How to manage risk around massive data growth

CMR Risk & Insurance Services Inc. > Blog > Business > How to manage risk around massive data growth
Posted by: CMR August 22, 2022 No Comments

One of the most prominent challenges facing global businesses today surrounds the deluge of massive data growth and the risk it presents to companies as the management issues of this data take shape. This risk comes in several major forms, including the legal/regulatory exposure from investigations and litigation, ongoing cybersecurity vulnerabilities and unsustainable increased spend on its storage.

According to Gartner Research, people generate 2.5 quintillion bytes of data (2.5 million TB) each day, with nearly 90% of all that data being created in the last two years alone. As a result, unstructured data (or data that is not arranged according to a pre-set data model or schema and therefore cannot be stored in a traditional relational database) is a major problem for 95% of businesses.

While data disposition is growing, it is vastly outpaced by creation of new data which companies consume, ingest and maintain within a vast array of disparate systems. These issues then compound when two companies merge or another is acquired, with the integration process which follow those trigger events frequently confronting large additional multiples of both new and legacy data. In short, the call to action for companies to focus on ongoing IT Asset Destruction (ITAD) is at our doorstep and won’t go away without concerted, efficient and continual processes being implemented and refined to evolve with a company’s data landscape.

What Is data beyond Its legitimate business purpose (LBP)?

As a guide to our growing laws in the United States, the purpose limitation principle of the General Data Protection Regulation (GDPR) requires that, when collecting personal data:

  • There must be a clear expression to the data subject the purpose for the processing of a person’s data from the outset;
  • The purpose for the processing of a person’s data must be set forth in privacy information provided to data subjects and must be documented as part of the business’ record-keeping activities;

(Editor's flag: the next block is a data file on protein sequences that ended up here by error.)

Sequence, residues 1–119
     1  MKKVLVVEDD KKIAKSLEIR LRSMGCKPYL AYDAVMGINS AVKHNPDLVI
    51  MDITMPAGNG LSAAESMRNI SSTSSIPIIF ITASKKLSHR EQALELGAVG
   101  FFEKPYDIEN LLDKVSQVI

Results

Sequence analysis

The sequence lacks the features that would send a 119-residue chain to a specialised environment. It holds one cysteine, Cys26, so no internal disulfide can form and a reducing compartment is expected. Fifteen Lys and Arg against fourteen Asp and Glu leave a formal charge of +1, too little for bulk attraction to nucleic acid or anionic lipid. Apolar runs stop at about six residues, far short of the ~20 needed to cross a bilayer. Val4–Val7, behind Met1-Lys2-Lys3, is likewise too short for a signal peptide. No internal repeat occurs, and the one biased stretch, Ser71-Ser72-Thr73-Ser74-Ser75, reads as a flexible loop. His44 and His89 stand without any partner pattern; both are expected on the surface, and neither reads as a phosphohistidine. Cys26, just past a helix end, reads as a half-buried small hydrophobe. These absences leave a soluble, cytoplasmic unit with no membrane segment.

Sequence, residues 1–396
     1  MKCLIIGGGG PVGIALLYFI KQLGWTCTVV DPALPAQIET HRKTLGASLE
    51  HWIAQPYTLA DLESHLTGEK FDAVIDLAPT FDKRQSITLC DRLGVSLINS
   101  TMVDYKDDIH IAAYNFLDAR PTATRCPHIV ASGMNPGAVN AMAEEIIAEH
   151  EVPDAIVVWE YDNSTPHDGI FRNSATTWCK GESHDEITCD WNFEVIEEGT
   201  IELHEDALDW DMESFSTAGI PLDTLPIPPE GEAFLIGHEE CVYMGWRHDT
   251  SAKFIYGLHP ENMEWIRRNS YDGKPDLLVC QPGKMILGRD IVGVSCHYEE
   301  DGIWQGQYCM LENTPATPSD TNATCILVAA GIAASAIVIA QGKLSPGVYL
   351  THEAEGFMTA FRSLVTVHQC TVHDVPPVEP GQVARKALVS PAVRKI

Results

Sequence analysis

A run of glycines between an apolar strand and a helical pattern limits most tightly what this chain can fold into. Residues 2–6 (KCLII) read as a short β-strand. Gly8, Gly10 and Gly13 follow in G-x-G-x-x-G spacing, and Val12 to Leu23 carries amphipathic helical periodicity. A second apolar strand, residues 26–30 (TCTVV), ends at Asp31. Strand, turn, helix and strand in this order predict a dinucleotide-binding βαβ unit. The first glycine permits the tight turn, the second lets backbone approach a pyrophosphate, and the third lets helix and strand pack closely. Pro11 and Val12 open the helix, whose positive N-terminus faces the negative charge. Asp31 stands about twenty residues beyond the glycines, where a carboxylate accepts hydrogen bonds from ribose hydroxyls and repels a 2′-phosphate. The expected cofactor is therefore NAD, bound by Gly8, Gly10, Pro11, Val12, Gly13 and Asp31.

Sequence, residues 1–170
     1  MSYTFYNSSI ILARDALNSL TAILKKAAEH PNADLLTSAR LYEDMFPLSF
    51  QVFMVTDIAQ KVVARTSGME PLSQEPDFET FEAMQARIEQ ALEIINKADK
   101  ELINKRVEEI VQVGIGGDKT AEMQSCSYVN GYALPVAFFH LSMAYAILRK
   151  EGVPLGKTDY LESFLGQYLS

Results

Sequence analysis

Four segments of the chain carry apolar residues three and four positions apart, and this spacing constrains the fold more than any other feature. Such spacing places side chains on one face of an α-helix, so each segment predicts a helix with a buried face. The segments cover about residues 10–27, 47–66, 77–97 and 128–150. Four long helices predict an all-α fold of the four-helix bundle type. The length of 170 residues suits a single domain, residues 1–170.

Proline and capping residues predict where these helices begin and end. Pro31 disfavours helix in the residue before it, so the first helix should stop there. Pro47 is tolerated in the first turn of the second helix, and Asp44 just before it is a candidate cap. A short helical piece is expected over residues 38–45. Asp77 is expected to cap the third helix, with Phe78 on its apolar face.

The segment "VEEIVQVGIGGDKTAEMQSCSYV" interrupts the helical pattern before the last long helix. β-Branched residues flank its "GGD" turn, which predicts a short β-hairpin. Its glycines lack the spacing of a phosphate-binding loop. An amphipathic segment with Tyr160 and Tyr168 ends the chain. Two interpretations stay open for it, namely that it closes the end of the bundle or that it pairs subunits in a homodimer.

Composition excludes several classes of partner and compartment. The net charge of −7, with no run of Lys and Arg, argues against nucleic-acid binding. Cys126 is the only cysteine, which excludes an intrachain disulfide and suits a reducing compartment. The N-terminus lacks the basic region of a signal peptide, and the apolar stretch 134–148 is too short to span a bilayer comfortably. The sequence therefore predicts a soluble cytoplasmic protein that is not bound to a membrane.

• The business must comply with your transparency obligations to inform data subjects (individuals whose data the business is processing); and
  • The business must make sure that if it ever intends to use data for any purpose other than what was originally specified, that further use is compatible with the original purpose or you get specific consent for the new purpose, i.e., lawful, fair, and transparent.

In 2018, the California Consumer Privacy Act (CCPA) extended consumer privacy protections to the internet, which remains the most comprehensive internet-focused data privacy legislation in the US with no federal law equivalent at this time.

Under the CCPA, consumers have a right to access through a data subject access request (DSAR) categories and specific pieces of personal information held by covered businesses. Businesses can’t sell consumers’ personal information without providing a web notice with a “clean and conspicuous link”, giving them an opportunity to opt-out.

Like the GDPR, there is also a “right to delete” consumer personal information on demand (with limited exceptions). The CCPA also confers consumers a limited right of action to sue if they’re the victim of a data breach with legislation in the works to broaden consumers’ private right of action to sue on other grounds.

It is important to note the CCPA contains a very broad definition of personal information as: “information that identifies, relates to, describes, is capable of being associated with, or could reasonably be linked, directly or indirectly, with a particular consumer or household.” This casts a wide definitional net and is similar to the GDPR’s own expansive view of personal data.